CoinWeek Staff Reports…..
Coming off of a successful and well-attended ANA World’s Fair of Money, California-based auctioneers the Goldberg’s offered a varied selection of US, World, and Ancient coins in the latest iteration of their Pre-Long Beach Auction series, which was held in Los Angeles from September 3-5. The results of the sale highlight several areas of market strength, especially in the area of early copper, a niche that Goldberg’s has historically represented very well. Other coins also outperformed estimates. Here are the takeaways.
In CoinWeek’s pre-auction analysis, we focused our attention on several late date copper cents that ranked high in the Grellman Condition Census. While there were a number of high ranked coins that we did not feature, we pulled out six lots that really stood out.
Lot 89 was an 1845 Newcomb-13 from the Dan Holmes Collection. The coin is an early die state example with copious amounts of original red color. Grellman has this example in a tie for second place on his census and as recently as 2016, a CAC-approved MS64RB brought $2,468. The present coin exceeded Goldberg’s pre-sale estimate of $1,000 and UP, realizing $1,140 with Buyer’s Premium.
Even more impressive was the $5,280 (with BP) that Lot 97 brought. Against a pre-sale estimate of $1,250 and UP, this 1846 Newcomb-13 with a Repunched 1 was graded MS64 Brown by PCGS. The PCGS population reports only one example finer than this piece and Grellman ranked it third on his Condition Census. Formerly in the Tom Reynolds and Dan Holmes Collections, this is a lovely example with clearly visible die markers. Hammer price put this coin squarely between the DuPont-Naftzger-Twin Leaf coin and the Newcomb-Starr-Hawaii example.
Lot 106, an 1848 Newcomb-12 more than doubled its presale estimate, selling for $1,860 with BP. So too, did Lot 123, a Newcomb-6 1850 cent. It brought $1,140 with BP against a presale estimate of $600 and UP.
Other sale highlights included an 1857 dollar in Proof, a choice AU 1793 half cent, one of the finest 1881-CC DMPL Morgan dollars in existence, and a rare Bechtler $5 gold coin, to name a few.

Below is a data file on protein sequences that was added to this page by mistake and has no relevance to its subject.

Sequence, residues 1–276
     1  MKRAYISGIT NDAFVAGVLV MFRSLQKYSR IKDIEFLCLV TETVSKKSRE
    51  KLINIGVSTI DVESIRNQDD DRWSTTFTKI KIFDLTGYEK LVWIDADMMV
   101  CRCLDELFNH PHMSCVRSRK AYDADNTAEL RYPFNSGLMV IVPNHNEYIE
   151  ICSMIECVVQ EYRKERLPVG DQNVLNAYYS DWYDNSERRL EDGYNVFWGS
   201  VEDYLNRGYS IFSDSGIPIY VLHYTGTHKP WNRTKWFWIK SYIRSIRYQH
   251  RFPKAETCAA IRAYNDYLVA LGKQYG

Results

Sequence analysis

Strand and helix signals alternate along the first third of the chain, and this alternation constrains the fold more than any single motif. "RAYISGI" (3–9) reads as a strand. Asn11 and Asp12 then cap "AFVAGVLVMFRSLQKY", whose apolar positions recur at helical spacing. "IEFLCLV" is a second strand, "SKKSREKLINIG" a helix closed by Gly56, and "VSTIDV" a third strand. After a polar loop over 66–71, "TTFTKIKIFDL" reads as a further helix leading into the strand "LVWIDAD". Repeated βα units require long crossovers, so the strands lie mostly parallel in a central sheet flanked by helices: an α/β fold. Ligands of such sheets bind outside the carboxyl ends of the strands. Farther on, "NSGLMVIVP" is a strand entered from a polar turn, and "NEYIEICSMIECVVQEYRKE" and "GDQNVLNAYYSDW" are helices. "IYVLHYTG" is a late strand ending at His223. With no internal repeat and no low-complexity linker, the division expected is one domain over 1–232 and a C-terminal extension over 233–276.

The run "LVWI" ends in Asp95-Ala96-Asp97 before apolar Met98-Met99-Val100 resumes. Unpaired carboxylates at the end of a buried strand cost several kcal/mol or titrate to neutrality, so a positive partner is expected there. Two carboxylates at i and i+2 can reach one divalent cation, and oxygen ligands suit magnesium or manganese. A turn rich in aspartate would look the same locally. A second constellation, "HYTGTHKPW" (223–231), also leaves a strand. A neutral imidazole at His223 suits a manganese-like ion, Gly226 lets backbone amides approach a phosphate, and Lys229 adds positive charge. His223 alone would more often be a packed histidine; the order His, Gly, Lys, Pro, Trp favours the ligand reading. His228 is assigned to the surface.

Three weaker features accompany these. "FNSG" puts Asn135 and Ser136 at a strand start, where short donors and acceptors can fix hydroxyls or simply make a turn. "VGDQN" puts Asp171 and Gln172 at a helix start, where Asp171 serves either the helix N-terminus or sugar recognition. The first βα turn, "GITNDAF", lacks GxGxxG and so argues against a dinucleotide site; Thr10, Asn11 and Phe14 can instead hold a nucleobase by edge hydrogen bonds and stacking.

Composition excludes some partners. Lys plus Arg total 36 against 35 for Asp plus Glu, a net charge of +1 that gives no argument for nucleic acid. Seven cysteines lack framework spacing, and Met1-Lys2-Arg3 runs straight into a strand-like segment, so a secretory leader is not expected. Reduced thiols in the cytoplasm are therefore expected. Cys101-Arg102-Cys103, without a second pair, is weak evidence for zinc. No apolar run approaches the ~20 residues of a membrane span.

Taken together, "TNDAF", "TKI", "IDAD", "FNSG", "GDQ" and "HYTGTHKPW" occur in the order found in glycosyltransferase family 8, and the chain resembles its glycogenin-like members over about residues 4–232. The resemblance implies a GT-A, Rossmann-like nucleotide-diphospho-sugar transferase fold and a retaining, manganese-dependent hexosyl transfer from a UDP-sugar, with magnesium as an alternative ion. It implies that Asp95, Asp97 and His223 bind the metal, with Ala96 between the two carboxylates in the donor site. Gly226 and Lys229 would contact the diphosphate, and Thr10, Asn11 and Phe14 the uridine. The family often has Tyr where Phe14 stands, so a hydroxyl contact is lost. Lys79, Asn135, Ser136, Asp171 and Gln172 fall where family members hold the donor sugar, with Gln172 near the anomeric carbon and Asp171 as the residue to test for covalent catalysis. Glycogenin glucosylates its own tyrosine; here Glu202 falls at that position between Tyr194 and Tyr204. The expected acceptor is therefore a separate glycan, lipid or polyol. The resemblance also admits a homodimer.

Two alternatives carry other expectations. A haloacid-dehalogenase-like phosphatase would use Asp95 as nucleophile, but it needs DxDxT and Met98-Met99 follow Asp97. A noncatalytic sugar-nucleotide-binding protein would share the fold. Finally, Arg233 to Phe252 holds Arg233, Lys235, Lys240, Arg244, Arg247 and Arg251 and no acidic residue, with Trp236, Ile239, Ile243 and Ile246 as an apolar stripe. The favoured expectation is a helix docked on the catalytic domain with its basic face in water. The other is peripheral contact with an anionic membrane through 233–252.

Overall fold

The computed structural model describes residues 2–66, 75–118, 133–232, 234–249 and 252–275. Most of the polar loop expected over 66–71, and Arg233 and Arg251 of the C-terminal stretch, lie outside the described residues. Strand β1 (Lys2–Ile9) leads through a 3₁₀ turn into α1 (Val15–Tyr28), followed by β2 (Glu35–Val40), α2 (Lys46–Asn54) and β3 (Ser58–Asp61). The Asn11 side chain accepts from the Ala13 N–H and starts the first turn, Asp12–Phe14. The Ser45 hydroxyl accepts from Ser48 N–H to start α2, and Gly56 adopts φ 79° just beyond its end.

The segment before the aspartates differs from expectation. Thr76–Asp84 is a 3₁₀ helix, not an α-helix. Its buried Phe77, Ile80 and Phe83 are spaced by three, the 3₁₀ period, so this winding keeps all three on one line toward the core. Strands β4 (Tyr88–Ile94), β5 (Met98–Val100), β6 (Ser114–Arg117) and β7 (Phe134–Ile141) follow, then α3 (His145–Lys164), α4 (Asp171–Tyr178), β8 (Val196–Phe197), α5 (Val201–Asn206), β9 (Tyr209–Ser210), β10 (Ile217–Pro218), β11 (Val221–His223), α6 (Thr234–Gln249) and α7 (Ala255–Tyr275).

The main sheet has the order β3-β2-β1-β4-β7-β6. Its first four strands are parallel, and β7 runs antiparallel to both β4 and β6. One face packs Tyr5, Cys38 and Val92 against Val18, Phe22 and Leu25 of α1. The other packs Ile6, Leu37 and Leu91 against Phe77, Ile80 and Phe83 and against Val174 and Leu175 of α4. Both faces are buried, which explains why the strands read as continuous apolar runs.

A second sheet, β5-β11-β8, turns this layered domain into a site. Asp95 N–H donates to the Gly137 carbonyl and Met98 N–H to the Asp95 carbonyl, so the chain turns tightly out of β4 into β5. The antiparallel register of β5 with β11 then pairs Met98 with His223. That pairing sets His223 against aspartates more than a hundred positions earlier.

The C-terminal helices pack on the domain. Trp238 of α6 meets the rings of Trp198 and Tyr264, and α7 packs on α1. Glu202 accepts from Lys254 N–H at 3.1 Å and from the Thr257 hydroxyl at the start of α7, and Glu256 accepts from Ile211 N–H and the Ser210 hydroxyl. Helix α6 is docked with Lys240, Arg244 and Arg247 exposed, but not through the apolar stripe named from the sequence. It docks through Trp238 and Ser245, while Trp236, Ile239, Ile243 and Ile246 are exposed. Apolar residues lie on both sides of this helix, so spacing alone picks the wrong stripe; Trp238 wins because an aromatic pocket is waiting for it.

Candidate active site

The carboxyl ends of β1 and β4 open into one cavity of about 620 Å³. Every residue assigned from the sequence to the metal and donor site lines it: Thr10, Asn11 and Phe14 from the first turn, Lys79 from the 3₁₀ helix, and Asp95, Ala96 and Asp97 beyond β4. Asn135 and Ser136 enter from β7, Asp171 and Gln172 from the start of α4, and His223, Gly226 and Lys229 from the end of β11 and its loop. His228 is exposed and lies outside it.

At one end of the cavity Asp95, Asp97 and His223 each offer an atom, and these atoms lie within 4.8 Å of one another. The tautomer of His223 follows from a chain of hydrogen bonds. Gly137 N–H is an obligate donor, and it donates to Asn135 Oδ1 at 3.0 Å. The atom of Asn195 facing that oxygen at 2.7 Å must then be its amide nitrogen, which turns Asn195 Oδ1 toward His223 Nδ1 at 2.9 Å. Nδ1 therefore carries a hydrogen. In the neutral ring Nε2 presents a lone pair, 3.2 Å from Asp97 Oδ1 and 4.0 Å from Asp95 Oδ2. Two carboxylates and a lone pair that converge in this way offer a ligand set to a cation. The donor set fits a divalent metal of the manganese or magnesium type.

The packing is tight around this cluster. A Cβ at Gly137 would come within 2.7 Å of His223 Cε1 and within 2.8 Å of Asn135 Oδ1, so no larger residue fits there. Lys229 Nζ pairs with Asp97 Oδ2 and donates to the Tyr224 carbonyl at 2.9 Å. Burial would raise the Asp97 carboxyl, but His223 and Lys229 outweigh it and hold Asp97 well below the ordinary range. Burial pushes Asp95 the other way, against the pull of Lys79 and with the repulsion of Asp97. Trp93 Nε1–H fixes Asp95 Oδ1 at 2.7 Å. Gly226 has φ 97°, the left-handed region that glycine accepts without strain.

The 1857 dollar is one of five examples earning the grade Proof 65 by PCGS (one of these earns the Cameo designation). Nearly every original silver Proof coin from this period will exhibit dark toning, this example is no exception. The obverse and reverse of this example exhibit a dusky canvas of blue, purple, and orange. A curvilinear streak of white borders to the right of the eagle’s profile on the reverse. The pre-sale estimate was $20,000 to $22,000, which frames the sales price of two examples that sold in 2017 and 2016 respectively. Hammer price $25,200 with the juice.
The Bechtler $5 gold coin (K-20 Variety, PCGS MS60) brought a respectable price of $14,500 against an estimate of $16,000-$17,000. This estimate was quite strong as recent auction records for NGC examples of the same grade routinely fall in the $12,000 to $13,000 range. This may be the third finest example as certified by PCGS, but in the overall condition census of all known Bechtler K-20 $5 gold coins, this coin likely falls somewhere near the tail end of the top 15, as more examples of the type currently reside in NGC holders. NGC accounts for thirteen examples finer than this piece and this particular coin last sold at the February 2015 Stack’s Bowers sale, when it was housed in an NGC MS60 holder. Then it realized $12,925.
The choice AU 1793 cent, graded AU53 by NGC and EF45+ with a sharpness of EF40 by Goldberg’s in their lot decision brought $33,600. A strong price for this example.
Goldberg’s Pre-Long Beach Auction Sale is a Barometer on the Market
In the longterm, the U.S. coin market has always been resilient to downturns and it appears that much of the damage that has been done in regards to the pricing of classic coins has been self-inflicted, brought about by over-emphasis of the commercial grade at the expense of the coin’s individual features. Quality coins with great eye appeal have held their own in the most recent market downturn, for the most part.
Evidence of this can be seen clearly in the early copper market, in early US gold and silver coins… essentially anything that is a pre-1838 type.
Other series have languished. The Goldberg’s sale offered not so much good news or bad news, but a clear sign of where the market is at the moment. Many coins outperformed estimates, while others seem to be adrift in the horse latitudes in a palace built to accommodate the classic commemorative series, but now also two cent pieces, three cent pieces of both compositions, and the Liberty Head “V” nickel.
Pockets of weakness in these areas are not dispositive that the overall mood of the market is on the upswing and most coins are now in the process of regaining much of the equity that was lost in 2014-2016.
You don’t have to take our word for it. If you set out to bid on any of these coins and even won a few, the lightness of your wallet proves the point.
Up next are two October auctions, one from Heritage and one from Stack’s Bowers. As these sales conclude, CoinWeek will look at the past year and tabulate the most interesting and valuable coins to sell in 2018.